site CA-SBA-38 between 1923 and 1924. At that time, Oak Grove and 
Canalino components were identified. The age of the human remains is 
unknown.
    At an unknown date, human remains representing a minimum of one 
individual were removed possibly from CA-SBA-46, Santa Barbara County, 
CA. The attribution of the human remains to CA-SBA-46 is made based on 
its use in the Santa Barbara Museum of Natural History's Mescalitan 
Island (CA-SBA-46) diorama. The human remains were donated to the UCSB 
by the Santa Barbara Museum of Natural History at an unknown date 
(Accession 248-9). No known individual was identified. No associated 
funerary objects are present.
    In 1961, human remains representing at least 10 individuals from 
Burials 1X, 2X, 3X, 1, 2, 3, 4, 5 and 6 were collected

[[Page 34993]]

from three cemeteries (C, D, and H) at the south end of Mescalitan 
Island (CA-SBA-46), Santa Barbara County, CA, by James Deetz of the 
UCSB, and a student crew as part of a salvage archeological project 
(Accession 144). No known individuals were identified. The 419 
associated funerary objects are 1 mortar, 2 ground stone objects, 5 
cores, 30 flakes, 2 chert fragments, 1 basket stone, 2 basket stone 
fragments, 7 tarring pebbles, 4 water worn pebbles, 1 siltstone object, 
8 olivella shell beads, 3 olivella shells, 13 undifferentiated shells, 
257 glass trade beads (all blue), 10 whale bone fragments, 59 wood 
fragments, 13 asphaltum fragments, and 1 soil sample, which were all 
physically associated with Burial 1X, 2X, and 3X from Cemetery D and 
Burial 1, 2, 3, 4 and 5 from Cemetery C/H at the time of salvage.
    Evidence from a number of archeological projects in the 20th 
century indicates that site CA-SBA-46 was occupied in all of the major 
periods of local prehistory from the Oak Grove period (prior to 3000 
B.C.) up to the Historic period.
    In 1969, human remains representing a minimum of 16 individuals 
were excavated from Cemetery ``C'' on Mescalitan Island (CA-SBA-46C), 
Santa Barbara County, CA, by a joint UCSB and University of California, 
Los Angeles, summer field school, directed by Claude Warren (Accession 
177). No known individuals were identified. No associated funerary 
objects are present.
    Although areas of Mescalitan Island were occupied throughout all 
periods of Santa Barbara prehistory, the human remains from Cemetery C 
(CA-SBA-46C) date to A.D. 1000-1150.
    In 1985, human remains representing a minimum of one individual 
were removed from Cemetery ``G'' at Mescalitan Island (CA-SBA-46G) at 
the east end of Goleta Slough, Santa Barbara County, CA, by S.R.S., a 
private contract archeology firm (Accession 351). No known individual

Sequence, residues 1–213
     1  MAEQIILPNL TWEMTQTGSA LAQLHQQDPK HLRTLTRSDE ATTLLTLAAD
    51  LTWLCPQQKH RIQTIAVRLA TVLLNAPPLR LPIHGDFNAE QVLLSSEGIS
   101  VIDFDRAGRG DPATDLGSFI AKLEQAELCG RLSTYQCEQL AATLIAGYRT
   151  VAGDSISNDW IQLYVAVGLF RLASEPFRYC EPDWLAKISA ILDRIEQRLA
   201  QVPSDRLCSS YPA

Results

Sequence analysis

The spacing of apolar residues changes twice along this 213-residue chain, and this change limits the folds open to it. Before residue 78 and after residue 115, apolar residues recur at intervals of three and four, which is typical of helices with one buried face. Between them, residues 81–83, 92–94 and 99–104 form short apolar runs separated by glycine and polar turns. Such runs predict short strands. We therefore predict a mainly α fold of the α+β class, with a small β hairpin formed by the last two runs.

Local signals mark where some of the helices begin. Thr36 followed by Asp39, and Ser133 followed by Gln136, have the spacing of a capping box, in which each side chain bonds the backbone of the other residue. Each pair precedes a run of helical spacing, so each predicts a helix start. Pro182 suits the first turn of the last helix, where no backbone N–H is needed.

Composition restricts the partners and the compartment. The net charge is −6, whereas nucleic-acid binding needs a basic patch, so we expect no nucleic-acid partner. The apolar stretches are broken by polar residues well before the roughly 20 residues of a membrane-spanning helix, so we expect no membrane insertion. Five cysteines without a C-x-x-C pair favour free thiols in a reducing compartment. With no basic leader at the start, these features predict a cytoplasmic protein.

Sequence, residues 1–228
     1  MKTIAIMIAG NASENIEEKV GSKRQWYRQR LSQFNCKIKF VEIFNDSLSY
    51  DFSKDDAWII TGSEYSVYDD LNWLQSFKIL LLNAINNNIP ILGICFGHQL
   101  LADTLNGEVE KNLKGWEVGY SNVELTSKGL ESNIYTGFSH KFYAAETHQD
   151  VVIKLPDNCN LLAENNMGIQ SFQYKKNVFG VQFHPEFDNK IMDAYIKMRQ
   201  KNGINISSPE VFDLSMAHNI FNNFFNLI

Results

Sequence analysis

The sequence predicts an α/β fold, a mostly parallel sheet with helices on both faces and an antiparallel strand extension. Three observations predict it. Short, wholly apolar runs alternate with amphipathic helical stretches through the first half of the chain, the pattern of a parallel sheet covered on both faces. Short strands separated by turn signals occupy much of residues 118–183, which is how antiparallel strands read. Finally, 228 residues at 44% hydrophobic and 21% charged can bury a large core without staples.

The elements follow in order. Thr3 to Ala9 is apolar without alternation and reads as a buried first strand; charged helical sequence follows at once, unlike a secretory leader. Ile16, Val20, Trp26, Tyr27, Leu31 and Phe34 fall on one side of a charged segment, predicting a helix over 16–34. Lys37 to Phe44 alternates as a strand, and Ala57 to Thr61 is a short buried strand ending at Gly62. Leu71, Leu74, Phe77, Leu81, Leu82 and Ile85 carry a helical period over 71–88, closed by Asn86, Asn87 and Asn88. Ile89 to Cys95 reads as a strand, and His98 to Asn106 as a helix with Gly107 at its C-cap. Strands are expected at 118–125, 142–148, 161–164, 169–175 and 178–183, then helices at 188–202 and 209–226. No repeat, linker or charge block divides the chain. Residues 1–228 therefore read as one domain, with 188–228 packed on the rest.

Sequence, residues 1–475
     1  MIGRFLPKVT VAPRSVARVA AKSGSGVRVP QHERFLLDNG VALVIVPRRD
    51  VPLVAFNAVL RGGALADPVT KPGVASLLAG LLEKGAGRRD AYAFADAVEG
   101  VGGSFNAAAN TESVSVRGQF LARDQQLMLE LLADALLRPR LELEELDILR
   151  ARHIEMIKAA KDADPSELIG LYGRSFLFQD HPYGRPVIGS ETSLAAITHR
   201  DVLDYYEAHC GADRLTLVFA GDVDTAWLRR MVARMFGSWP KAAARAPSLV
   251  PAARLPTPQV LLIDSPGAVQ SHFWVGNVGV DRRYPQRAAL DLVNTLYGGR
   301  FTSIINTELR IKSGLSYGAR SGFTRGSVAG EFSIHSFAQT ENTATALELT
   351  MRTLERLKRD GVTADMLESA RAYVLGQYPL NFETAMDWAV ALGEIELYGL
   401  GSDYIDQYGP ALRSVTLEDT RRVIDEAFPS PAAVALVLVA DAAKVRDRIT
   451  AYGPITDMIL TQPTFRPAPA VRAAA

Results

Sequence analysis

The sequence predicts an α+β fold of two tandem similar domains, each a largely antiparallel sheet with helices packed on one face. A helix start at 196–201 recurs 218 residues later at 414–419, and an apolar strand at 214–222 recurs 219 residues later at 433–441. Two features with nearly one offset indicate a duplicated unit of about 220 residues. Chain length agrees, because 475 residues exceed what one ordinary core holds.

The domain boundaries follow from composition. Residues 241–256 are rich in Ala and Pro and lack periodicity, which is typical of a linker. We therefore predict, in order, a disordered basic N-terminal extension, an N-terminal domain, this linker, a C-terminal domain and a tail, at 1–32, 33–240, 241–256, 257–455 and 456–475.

was identified. No associated funerary objects are present.
    The date of site CA-SBA-46G is post-A.D. 0. The human remains were 
identified among mixed faunal remains.
    In 1954, human remains representing a minimum of two individuals 
were removed from CA-SBA-48, on the UCSB campus on the edge of the 
Goleta Slough, Santa Barbara County, CA, by an unknown individual 
during the construction of the Biology Building. The human remains were 
donated to the Anthropology Department by the Chairman of the Biology 
Department (Accession 326). No known individuals were identified. No 
associated funerary objects are present.
    The age of the human remains from site CA-SBA-48 is not known. 
Historic accounts identify the site as the location of the Babareno 
Chumash village of Heliyik.
    In 1964, human remains representing a minimum of one individual 
were collected from CA-SBA-51, which is west of the Goleta Slough, 
Santa Barbara County, CA, by James Deetz of the University of 
California, Santa Barbara, and a student crew from a test pit at the 
site (Accession 156). No known individual was identified. No associated 
funerary objects are present.
    In the 1970s, human remains representing a minimum of three 
individuals, two of which from Burial 2, were excavated from CA-SBA-51, 
which is west of the Goleta Slough, Santa Barbara County, CA, by Dr. 
Michael Glassow of the UCSB, and a student crew during field classes 
(Accession 181). No known individuals were identified. The eight 
associated funerary objects are one mano, one core, five flake tools, 
and one sea mammal calcaneus, which were all physically associated with 
Burial 2.
    Site CA-SBA-51 is a permanent village site of some antiquity and 
does not appear to have been occupied during the Historic period. 
However, there are no radiocarbon dates available. The age of the human